That is also a big concern for her and many people, I think. As far as money management goes, I knew a lot , but I didn't practice what I knew, because the important thing I had to worry about was getting to a place in my career where the position maximized the pension. Now I am trying to do what I should have done. Your last comment was an important one I believe that hooked her. Originally when I discussed the I Bonds, she asked how much interest she would get. I responded close to $400 with $10,000 you put in. She initially said it didn't seem worth the time. I asked her would you mow your neighbors lawn for $400 and she said yes. I said well that will take an hour and half and this will only take 30 minutes. Then with the extended calculator it really motivated her.
I admit, I was getting that attitude, too as my 5-6 % maturing CD's this year went discouragingly right into my savings account. But, you need maximize every opportunity you get even in the low yielding guaranteed arena. I keep telling myself at 1% money doubles in 72 years, but in 24 at 3%, so it does matter even if it doesn't make you rich.
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Old 10-24-2011, 03:57 PM   #53
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Freebird I could show her Mr. Ed talking about bonds and she would laugh, but if she knew the whole idea came from me talking about her on a forum thread, I would need immediate ambulance assistance!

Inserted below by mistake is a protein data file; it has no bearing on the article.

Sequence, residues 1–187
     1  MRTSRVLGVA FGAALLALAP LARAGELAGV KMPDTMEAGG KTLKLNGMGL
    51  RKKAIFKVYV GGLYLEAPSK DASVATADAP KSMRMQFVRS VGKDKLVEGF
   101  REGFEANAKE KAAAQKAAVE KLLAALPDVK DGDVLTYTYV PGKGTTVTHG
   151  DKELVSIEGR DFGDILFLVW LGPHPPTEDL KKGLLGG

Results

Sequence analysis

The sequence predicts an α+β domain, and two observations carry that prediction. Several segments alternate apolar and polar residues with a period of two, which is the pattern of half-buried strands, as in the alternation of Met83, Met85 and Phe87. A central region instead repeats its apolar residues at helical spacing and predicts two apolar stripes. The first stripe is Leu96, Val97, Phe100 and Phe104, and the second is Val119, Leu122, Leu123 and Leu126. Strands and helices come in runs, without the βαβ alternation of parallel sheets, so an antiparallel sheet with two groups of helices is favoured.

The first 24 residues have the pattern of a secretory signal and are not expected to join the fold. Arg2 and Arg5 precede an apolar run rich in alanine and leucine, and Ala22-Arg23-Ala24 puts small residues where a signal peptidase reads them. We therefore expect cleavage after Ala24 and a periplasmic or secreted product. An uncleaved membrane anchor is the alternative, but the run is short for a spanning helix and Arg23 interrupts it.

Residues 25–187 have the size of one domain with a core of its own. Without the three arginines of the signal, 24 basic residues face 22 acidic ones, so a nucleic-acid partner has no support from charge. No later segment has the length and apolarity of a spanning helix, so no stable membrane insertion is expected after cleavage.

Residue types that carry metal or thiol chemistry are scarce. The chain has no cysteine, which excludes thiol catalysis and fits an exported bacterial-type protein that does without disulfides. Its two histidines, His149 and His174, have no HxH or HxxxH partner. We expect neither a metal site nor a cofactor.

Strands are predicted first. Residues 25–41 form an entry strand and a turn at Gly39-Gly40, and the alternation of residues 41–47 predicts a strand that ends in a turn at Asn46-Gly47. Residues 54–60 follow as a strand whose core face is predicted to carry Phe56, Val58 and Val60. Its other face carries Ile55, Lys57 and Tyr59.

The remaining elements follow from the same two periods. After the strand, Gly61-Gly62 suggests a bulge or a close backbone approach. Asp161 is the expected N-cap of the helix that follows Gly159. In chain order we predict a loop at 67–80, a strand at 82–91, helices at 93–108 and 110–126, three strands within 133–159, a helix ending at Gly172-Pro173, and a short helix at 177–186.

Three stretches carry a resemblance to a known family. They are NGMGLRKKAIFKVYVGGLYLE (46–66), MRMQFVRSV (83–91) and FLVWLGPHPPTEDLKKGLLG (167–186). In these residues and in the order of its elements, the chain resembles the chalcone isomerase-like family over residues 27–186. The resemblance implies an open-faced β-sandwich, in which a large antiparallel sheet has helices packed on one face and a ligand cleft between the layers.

I found it at youtube. Just search on the video title.

It might bring some levity to the $ discussions.
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Old 10-24-2011, 07:36 PM   #54
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My point went over your head! I am not saying she needs a man to marry her, I am saying you are not married to her, thus not responsible for her, and should not push her to do things she is not comfortable with. I think this is a big mistake.

It's like you can't help yourself from trying to manage her money. And yes, she is uncomfortable, or she would do it on her own.

Have you asked her if she would rather you drop it? Or if she wants your advice?
There is a difference between trying to be helpful and setting ultimatums or stamping your foot insisting you get your way. Whether or not this relationship works out the educational advice that he is sending her way cannot hurt her. If she learns about compound interest, how our tax laws favor 401K's and IRA's, she will only be better off for it. Women are at a great disadvantage in almost every society. They get less pay, are apt to take time off for childbearing and childrearing and in my case, followed my husband as he moved for work. I have no regrets but luckily I understood what to do to protect myself.